Title

Prevalence of soil-transmitted helminths in soil and its association with selected environmental parameters in an Aeta Community in Porac, Pampanga

Date of Publication

2019

Document Type

Bachelor's Thesis

Degree Name

Bachelor of Science in Biology

Subject Categories

Biology

College

College of Science

Department/Unit

Biology

Thesis Adviser

Mary Jane Cruz Flores

Abstract/Summary

Soil-transmitted helminths (STH) was observed to be prevalent in 16 out of 17 regions in the Philippines. Indigenous peoples being a part of the underdeveloped communities risk STH infection due to their practice of open defecation leading to the transmission of STH. The study focused on the Aeta community of Barangay Villa Maria, Porac, Pampanga where soil samples were collected in three areas, tested for the presence of STH eggs and analyzed with sucrose centrifugal flotation along with environmental parameters namely, soil temperature (°C), soil moisture (%), soil pH, soil texture, air temperature (°C), and relative humidity (%). Anecdotal reports from the locals and local government officials on their lifestyle were also noted. Out of the 317 samples, 197 (62.15%) were found to be positive for STH eggs. Hookworm larvae, mites and ticks were also observed in the samples. Purok 3 was found to have the highest prevalence for STH contamination with 67.97% while Purok 1 and 2 have 59.49% and 54.12%, respectively. Purok 1 obtained a prevalence of 56.96% for Ascaris sp. significantly higher than its prevalences in Purok 3 (50.33%) and Purok 2 (32.94%) (p0.05). The egg count of each species was analyzed for its correlational relationship to each parameter. The correlation coefficient values between all the parameters showed very weak to no correlation. Aside from fecalysis, the detection of STH soil contamination can provide information to assess a community for their risk of getting STH infections. The barangay lacks toilets making the residents resort to open defecation and this leads to the contamination of the environment and water sources. The presence of stray animals with no proper shelter and improper waste disposal can also lead to Toxocara sp. infection. Members of the Aeta community are at a high risk of getting ascariasis and toxocar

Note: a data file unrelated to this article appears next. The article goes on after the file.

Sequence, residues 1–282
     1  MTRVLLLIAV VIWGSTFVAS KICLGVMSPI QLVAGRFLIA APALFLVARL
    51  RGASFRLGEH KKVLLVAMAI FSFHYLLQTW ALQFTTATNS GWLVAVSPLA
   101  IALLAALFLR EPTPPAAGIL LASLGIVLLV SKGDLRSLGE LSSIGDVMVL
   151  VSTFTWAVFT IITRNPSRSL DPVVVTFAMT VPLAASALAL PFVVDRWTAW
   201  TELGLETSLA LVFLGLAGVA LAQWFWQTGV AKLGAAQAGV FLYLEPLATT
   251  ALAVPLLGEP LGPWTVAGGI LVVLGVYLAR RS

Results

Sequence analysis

Abstract Format

html

Language

English

Format

Electronic

Accession Number

CDTU017639

Shelf Location

Archives, The Learning Commons, 12F, Henry Sy Sr. Hall

Physical Description

1 computer ; 4 3/4 in.

Keywords

Helminths--Philippines; Soils--Philippines; Aeta Community (Porac, Pampanga)

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